This Faith & Leadership podcast asks a fresh set of questions about leadership and the future of the church. The Rev. Bill Lamar and the Rev. Laura Everett talk with people of faith inside and outside the church -- conversations that breathe life into leaders struggling in their own valley of dry bones.
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Southerners on New Ground (SONG) celebrated its campaign to bail out black women from the Durham, N.C., jail in August 2017. Photo courtesy of SONG
When she was asked to help bail women out of a local detention center, a minister was at first surprised. But, she writes, she shouldn’t have been.
A Canadian university president and author of a book on institutional leadership reflects in an interview on what it takes to guide a thriving organization.
Members of Church of the Pilgrims pray over a blanket for a former pastor, shortly after he was diagnosed with cancer. Photo courtesy of Ashley Goff
Beset by grief at the imminent death of a beloved former pastor, a minister and her congregation let liturgy lead them amid death and dying.
Listen to all the episodes and learn more about the hosts: the Rev. William H. “Bill” Lamar IV, pastor of Metropolitan AME Church in Washington, D.C., and the Rev. Laura Everett, executive director of the Massachusetts Council of Churches.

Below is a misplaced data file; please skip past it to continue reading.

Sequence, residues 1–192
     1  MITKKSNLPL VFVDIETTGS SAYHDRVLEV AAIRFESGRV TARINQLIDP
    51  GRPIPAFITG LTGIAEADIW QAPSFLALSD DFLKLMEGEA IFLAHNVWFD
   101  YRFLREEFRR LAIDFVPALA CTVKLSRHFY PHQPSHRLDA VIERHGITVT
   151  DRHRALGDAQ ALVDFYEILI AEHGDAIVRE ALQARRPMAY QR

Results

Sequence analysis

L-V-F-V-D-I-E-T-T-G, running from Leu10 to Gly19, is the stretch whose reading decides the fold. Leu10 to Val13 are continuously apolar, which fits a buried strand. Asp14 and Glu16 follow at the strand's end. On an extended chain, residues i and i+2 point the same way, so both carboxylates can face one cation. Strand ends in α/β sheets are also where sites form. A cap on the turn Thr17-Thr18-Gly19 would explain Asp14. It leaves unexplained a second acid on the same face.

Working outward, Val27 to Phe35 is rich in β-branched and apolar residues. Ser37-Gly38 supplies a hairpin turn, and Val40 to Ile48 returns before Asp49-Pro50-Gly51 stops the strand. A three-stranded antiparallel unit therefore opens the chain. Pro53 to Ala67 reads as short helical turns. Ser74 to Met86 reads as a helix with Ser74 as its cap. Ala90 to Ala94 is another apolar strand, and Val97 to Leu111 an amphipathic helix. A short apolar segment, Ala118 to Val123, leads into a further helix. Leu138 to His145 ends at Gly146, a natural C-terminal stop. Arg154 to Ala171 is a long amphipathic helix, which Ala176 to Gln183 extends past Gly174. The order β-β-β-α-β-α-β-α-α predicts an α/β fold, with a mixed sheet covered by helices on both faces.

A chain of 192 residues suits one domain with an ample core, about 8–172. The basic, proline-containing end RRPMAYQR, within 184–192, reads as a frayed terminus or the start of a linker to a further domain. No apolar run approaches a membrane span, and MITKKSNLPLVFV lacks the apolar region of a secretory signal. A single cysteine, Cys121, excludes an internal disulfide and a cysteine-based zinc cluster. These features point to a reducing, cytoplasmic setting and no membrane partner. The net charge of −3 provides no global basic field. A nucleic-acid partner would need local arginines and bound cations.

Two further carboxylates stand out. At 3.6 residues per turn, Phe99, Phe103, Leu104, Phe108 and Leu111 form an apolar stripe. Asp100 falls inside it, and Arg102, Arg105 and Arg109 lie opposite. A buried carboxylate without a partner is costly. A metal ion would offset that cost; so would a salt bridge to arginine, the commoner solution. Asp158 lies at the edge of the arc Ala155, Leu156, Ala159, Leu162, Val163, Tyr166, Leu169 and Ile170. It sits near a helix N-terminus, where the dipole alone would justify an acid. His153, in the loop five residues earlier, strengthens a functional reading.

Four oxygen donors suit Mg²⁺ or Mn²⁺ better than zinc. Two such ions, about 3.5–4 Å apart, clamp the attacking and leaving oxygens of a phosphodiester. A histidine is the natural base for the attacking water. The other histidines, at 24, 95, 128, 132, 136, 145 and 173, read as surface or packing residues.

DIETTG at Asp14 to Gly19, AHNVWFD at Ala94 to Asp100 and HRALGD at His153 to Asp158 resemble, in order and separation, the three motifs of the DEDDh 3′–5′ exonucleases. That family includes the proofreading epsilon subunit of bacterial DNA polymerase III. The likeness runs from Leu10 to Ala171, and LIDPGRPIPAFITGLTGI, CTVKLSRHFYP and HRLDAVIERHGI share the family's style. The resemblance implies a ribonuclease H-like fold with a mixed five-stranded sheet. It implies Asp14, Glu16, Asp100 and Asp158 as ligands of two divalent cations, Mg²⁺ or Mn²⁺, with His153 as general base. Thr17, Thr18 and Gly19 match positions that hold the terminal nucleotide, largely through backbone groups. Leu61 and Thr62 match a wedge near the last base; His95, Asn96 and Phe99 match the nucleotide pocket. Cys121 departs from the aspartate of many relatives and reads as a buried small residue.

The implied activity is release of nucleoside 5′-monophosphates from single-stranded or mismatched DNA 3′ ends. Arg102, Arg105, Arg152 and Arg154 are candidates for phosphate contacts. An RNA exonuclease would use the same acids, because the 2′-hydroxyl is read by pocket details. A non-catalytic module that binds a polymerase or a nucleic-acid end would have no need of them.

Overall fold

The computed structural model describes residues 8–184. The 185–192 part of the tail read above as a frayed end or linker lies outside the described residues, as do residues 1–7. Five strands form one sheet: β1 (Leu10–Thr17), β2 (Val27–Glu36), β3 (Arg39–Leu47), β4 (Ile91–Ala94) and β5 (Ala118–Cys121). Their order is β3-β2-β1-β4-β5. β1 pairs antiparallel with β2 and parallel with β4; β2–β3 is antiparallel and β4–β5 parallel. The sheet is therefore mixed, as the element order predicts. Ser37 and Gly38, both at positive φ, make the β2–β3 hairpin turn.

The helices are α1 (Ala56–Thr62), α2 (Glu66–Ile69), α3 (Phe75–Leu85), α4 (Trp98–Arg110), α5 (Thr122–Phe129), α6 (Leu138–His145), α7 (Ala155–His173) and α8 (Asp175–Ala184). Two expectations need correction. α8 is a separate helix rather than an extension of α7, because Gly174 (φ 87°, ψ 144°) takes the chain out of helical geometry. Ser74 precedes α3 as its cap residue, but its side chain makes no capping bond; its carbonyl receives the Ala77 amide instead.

In today’s world, we tend to choose friendships with like-minded people rather than investing in a broad community of “familiar but not intimate” relationships. That narrowing of casual relationships is killing our communities and driving us away from God’s work in the world, writes the managing director of grants for Leadership Education at Duke Divinity.
It’s not the renowned writer himself that’s the problem, writes a pastor who grew up in and serves rural communities. But his writing projects an idealized vision of rural life that ignores current realities.
The systems that will sustain congregations will need the mindsets of adventurers, investors and catalysts working together, writes the executive director of Leadership Education at Duke Divinity.
Christian institutions must recruit more widely, train in different disciplines and equip emerging leaders to thrive, writes the pastor of Manhattan Bible Church.